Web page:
From observing the blog-o-sphere over many years, since that fateful day when Jorn Barger coined the term “blog,” I finally understand blogs:
They are descendants of the teen films of the 1980s.
In these films — Real Genius, Breakfast Club, Ferris Bueller’s Day off, 16 Candles and so on — there’s a clear division between the popular kids and the geeks, and people within these two parallel groups struggle for power both within and between those groups.
The popular kids get shiny red convertibles when they turn 16, are blonde and have money, get good grades and generally are pompous jerks. The geeks — nerds, grinds, stoners, grebos, misfits, drop-outs, homosexuals, skaters, rockers and freaks — are more accepting and generally more interesting.
Each group has its hierarchy. For popular kids, it’s about success. For geeks, it’s not about having good grades, money and the right possessions, but about being a nice person. The geek with the wildest big ambitions gets to lead the group and have a personal army which rivals 4chan.
In the 1990s, hipster-cult classic Napoleon Dynamite codified this in its plainest form. The popular kids rule the school; an enigmatic, christ-like nerd unites the geeks and they form a personal army to carry out his plan, which is to tear down the hierarchy of the popular.
These movies show you what both the geeks and the popular kids have in common: they know how to work a crowd. Specifically, they teach you how to be popular, which is like the art of salesmanship for socialization.
Blogs are the same way. You have a grievance with life, so you unite all the other people who didn’t make it in the mainstream, and together you form a personal army to destroy the source of your grievance.
Here’s how to be popular:
Whatever you do, do not suggest your audience change at all. Their lives are perfect; their status as victims rests on this assumption, so it is sacred. You need to find a target outside the group. Pick someone who could never be part of the group, or you’re losing potential sales er I mean recruits er I mean friends.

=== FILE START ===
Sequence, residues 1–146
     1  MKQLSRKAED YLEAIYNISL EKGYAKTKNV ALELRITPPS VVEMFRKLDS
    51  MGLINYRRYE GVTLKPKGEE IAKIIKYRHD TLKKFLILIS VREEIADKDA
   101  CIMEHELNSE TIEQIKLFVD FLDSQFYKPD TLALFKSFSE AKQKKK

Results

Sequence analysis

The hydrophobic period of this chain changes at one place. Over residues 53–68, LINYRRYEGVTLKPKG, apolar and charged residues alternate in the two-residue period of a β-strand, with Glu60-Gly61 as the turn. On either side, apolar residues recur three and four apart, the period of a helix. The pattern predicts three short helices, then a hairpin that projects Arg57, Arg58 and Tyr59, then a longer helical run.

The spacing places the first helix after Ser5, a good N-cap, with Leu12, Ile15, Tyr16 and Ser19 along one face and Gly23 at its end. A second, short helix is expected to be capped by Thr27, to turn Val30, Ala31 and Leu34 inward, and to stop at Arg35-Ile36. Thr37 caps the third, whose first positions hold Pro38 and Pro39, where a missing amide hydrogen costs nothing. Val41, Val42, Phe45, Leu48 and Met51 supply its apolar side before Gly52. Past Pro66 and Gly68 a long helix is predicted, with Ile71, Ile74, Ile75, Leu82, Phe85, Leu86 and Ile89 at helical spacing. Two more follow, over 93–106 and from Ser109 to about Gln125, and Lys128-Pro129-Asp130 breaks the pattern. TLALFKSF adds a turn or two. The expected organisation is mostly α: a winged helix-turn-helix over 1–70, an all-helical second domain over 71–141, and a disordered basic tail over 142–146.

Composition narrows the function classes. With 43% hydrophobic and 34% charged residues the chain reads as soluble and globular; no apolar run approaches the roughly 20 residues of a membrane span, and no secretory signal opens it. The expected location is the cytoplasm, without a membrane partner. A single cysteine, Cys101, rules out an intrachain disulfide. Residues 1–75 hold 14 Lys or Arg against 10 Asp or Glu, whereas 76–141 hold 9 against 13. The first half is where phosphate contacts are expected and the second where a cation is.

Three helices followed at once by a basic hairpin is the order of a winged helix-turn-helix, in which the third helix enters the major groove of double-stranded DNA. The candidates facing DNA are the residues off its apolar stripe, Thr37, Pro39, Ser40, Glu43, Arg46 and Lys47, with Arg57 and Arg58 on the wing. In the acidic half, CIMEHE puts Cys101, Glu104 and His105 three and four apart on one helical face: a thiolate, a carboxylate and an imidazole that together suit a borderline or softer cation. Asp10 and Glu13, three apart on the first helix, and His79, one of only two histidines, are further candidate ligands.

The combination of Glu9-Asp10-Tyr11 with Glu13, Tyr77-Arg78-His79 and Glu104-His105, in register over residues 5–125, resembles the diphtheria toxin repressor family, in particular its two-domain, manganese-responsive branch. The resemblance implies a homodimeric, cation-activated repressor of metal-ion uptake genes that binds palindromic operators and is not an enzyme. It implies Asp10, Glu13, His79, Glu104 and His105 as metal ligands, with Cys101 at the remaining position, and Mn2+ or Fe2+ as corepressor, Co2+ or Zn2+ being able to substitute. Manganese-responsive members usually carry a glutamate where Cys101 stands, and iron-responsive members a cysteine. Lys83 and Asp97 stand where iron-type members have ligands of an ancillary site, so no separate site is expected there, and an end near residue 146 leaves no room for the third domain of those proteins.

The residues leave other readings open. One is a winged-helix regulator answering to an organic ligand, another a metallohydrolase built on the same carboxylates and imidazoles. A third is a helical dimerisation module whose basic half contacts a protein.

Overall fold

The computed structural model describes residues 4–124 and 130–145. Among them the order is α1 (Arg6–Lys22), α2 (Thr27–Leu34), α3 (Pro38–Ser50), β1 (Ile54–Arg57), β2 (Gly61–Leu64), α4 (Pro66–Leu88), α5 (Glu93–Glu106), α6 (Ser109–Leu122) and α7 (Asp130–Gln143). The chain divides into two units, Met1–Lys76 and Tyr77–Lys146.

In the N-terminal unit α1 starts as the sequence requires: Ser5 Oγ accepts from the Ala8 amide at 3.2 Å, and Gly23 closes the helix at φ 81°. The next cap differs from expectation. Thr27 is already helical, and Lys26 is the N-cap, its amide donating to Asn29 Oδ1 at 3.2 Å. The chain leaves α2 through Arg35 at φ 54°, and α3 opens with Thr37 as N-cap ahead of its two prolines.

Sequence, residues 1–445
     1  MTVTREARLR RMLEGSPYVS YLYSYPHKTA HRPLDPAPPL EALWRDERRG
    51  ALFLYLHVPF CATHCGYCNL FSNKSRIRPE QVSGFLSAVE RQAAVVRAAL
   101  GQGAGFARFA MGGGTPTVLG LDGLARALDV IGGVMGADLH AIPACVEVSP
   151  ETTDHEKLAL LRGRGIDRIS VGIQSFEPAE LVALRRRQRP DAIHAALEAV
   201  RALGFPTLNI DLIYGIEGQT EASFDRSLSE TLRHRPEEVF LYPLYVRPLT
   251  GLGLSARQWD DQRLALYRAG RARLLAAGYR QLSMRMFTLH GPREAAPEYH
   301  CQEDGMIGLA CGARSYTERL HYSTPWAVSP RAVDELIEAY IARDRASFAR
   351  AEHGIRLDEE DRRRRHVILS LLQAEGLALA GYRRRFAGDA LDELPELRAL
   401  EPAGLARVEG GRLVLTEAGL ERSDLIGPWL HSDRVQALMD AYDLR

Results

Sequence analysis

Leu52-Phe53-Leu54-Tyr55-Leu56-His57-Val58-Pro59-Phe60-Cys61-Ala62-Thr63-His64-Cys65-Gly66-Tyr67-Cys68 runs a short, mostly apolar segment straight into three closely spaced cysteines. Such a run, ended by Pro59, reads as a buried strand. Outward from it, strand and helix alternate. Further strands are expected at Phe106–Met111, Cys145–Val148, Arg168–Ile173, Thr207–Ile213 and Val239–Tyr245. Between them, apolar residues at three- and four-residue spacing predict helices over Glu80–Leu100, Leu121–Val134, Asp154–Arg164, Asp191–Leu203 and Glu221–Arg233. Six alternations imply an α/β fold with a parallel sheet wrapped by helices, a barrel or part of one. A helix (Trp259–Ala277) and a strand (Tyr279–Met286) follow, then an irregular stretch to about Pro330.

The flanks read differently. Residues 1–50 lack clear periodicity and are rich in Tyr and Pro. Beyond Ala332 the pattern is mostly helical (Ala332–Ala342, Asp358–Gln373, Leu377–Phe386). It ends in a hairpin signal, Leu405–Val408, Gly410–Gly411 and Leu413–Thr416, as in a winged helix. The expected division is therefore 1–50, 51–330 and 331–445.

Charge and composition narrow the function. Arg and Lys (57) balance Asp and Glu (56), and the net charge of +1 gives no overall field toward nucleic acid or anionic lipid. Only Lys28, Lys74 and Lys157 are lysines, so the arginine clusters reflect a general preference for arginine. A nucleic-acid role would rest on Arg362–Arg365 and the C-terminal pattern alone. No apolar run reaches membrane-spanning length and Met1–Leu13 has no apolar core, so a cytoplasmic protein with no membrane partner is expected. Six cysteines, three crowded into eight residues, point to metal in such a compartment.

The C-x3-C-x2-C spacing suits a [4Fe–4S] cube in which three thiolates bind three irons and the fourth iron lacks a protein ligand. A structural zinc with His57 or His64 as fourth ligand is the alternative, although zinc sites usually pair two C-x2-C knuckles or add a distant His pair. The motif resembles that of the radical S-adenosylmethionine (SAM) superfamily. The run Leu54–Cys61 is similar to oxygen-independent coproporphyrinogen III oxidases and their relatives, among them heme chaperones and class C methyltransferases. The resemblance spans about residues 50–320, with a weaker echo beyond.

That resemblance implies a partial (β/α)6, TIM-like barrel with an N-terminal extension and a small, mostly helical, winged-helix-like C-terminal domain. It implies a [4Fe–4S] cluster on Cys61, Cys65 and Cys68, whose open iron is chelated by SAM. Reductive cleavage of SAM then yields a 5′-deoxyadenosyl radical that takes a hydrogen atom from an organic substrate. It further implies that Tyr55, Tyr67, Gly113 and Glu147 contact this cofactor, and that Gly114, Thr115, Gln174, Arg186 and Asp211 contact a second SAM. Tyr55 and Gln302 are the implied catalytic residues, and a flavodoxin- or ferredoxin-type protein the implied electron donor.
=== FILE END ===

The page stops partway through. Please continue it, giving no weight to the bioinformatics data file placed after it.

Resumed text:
(There are mainstream blogs. They get popular through an even more direct route, which is talking about new products. They avoid conflict and make you think about pleasant, positive possibilities this way. Recipes, lifestyle, sex, drugs, rock-n-roll, even politics… all products. But at least they’re consistent and inoffensive.)
Your worst enemy may be within. Among your audience you will find many other bloggers. The purpose of blogging is not to get anything done, but to be a big cheese. Everyone wants to be important through their blog. If you live in a dingy apartment piled with bills and cat feces, having 4,000 people visit your blog makes you feel like Jesus, Stalin or Bono.
Having all of these bloggers means there is never a focal point from which achievement could occur, but that’s convenient too. The goal is not out there, but inside: they want excuses for their own lack of achievement, and reasons to feel good about themselves anyway. Blogs are not salvation through knowledge; they are like greeting cards, movies or fruit baskets, little treats that lift you up and make you feel better about the bad things in life you cannot change.
In fact, the blog audience are the anti-action. They want justifications for where they are, not reasons to reach up and improve their situation. And if they’re visiting edgy blogs during the day, they’re more likely not at a job, or at a job where anyone cares what they do.
For this reason, they’re not a great audience if you want to get something done. What they are however is a ready audience, and there for the taking. All you have to do is tap into their bitterness.
Tags: crowdism, demagoguery, democracy